Published on June 21st, 2008 | by simeon0
Live Free or Die Hard
Computers have become such a mainstay of modern life that few of us even stop to imagine just how much of our lives are affected by them. In the course of a standard day, everything from the lights at the corner, offices, banks, and even the cars we drive are all governed in some ways by computers.
In the latest chapter in the Die Hard series, “Live Free or Die Hard”, audiences are given a glimpse of what could happen should a massive attack on our nation’s computer network occur, and shown how life as we know it could be severely altered without our digital creations monitoring the numerous tasks to which they have been assigned.
For Detective John McClane, (Bruce Willis), being in the wrong place at the right time has become par for the course, when his routine transportation of a suspected hacker named Matt Farrell (Justin Long), soon has him in a heated shootout, he realizes this is not going to be just another day at the office.
The nations computer network has come under attack by a cyber terrorist named Thomas Gabriel (Timothy Olyphant), and in short order everything has shut down, and the cities of the country are in total chaos.
Since the bad guys have been so intent on silencing Matt, John becomes his guardian as the two try to unravel the master plan behind the attacks, and stay one step ahead of the legion of hired goons.
This is no easy task as seemingly every step of the way the duo are under attack from all fronts from an unseen enemy that can strike anywhere, and often without warning which results in some truly inspired and impressive action sequences.
In a race against time, old school cop McClane must rely on the tech fluent Matt as he once again finds himself the only man who can save the day before the world as we know it is lost.
This “Die Hard” is a real treat as it is the rare summer offering that not only lives up to the hype and promise, but surpasses it. Willis reportedly waited to find the write script and director (Len Wiseman of the “Underworld” films); to bring the next chapter to the series and it is a dynamic and effective pairing.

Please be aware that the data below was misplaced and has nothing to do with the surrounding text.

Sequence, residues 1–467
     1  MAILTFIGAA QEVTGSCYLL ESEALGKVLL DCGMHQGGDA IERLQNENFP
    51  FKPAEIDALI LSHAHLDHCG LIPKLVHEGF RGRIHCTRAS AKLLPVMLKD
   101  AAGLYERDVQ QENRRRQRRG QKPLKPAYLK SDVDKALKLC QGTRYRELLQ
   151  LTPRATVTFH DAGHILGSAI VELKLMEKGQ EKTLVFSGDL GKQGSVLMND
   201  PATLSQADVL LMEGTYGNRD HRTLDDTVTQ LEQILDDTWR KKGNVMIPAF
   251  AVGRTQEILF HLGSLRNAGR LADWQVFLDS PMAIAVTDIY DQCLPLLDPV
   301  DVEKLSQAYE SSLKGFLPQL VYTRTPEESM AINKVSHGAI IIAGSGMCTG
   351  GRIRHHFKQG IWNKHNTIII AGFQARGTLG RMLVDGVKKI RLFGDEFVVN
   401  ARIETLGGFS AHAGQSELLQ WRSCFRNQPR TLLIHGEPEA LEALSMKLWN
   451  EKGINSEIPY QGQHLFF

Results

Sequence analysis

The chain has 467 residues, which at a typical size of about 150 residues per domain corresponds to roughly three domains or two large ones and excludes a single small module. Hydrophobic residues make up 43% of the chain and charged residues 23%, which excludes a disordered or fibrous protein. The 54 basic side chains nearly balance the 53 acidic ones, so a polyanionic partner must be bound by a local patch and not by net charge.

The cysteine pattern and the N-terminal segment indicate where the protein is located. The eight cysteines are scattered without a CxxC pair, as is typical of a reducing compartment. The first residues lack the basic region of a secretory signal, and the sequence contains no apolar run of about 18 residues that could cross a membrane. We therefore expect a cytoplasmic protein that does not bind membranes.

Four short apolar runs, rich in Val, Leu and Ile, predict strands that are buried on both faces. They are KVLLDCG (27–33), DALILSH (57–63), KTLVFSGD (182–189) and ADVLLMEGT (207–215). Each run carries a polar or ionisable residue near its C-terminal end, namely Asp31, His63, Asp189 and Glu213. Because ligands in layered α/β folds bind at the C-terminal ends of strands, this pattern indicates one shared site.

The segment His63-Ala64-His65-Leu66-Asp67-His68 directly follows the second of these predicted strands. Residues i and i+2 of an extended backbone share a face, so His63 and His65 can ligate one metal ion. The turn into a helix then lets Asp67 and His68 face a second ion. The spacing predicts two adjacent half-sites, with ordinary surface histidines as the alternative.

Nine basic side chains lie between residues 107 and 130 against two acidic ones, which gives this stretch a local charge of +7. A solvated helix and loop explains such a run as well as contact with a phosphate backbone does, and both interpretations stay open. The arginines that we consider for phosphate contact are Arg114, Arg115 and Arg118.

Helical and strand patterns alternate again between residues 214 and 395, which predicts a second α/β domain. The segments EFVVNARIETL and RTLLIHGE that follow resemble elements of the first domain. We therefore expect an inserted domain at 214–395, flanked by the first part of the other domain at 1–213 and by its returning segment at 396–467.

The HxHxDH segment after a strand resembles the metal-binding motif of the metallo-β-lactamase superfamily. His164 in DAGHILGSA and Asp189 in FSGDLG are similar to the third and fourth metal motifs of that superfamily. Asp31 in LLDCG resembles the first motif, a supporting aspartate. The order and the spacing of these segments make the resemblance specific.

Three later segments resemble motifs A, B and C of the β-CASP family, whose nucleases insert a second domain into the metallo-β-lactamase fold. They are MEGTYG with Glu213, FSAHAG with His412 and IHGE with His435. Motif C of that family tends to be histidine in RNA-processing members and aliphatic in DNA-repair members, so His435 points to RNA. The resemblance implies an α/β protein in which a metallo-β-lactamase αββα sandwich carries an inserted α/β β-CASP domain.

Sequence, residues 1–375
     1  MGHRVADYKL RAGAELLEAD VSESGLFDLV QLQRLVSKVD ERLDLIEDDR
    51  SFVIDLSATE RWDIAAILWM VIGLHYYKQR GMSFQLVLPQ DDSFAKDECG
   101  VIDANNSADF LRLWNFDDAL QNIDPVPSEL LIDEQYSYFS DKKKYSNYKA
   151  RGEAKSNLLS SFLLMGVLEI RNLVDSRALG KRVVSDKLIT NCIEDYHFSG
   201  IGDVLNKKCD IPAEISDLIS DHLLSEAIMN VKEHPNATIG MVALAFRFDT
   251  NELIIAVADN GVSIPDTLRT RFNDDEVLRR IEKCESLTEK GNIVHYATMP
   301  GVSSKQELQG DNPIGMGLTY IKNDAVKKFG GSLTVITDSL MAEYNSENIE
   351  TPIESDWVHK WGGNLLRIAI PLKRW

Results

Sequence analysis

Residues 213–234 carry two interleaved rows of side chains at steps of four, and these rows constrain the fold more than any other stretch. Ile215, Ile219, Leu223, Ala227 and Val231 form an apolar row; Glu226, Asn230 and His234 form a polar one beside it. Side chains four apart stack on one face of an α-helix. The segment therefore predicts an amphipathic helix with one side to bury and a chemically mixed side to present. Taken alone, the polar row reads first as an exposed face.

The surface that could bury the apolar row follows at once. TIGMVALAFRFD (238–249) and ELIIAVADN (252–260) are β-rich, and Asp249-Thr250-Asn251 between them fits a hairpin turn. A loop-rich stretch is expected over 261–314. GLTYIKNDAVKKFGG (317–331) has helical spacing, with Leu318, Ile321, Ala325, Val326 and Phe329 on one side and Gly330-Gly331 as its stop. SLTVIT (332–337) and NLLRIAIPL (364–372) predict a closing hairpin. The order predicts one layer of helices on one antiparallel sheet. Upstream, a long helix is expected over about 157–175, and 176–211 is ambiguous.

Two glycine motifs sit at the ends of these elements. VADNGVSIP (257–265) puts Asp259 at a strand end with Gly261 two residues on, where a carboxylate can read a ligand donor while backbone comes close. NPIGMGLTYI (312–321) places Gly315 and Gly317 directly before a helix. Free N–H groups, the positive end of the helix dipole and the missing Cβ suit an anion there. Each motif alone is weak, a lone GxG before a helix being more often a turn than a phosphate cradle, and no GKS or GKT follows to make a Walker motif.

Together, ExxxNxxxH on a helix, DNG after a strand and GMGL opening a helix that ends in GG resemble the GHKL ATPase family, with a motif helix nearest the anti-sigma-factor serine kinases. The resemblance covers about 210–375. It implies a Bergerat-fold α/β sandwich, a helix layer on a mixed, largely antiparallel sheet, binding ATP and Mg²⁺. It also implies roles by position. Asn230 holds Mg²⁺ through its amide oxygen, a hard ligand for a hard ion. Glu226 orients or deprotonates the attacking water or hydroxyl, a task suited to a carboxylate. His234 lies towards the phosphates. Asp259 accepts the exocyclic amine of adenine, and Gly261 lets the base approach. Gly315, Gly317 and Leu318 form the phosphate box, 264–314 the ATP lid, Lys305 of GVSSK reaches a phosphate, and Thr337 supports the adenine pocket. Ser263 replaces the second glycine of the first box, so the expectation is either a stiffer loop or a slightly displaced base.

Wiseman is a fan of the series and as a teen was influenced by the earlier films in the series. His love and understanding of the characters and subject matter is clear as he stages very clever and entertaining action sequences that while thrilling, never take the place of the human elements of the film.
The film is clearly about McClane and his reluctant heroics as he laments that being a hero is not all that it is cracked up to be, and the aftermath of such actions often make for a life filled with baggage.
Willis is in top form, as he comfortably steps back into the familiar role and throws himself physically into a very demanding role, where he insisted upon doing the majority of his stunt work. His gritty approach to the character pays off, as McClane is not some super-powered character; he is a normal man, with faults who is driven to do his part when needed.
The film does take a brief pause about 80 minutes into the nearly two hour run time to expand on some of the characters and the plot, but ramps up for an amazing finale that has some of the best action and stunt work in recent memory.
It was reported that Wiseman kept CGI effects to a minimum for many sequences in order to give them a more realistic look, and in doing so, has crafted a true gem.
Some people have complained about the film being “toned down” to PG-13 but I can tell you that there is just as much action, violence, and body count as any film in the series; they were just not overly gratuitous with the use of blood. That being said, at no point did I get the impression I was watching a sanitized film, I was too busy enjoying a solid action film that takes the audience on one hell of a thrilling ride.
4.5 stars out of 5.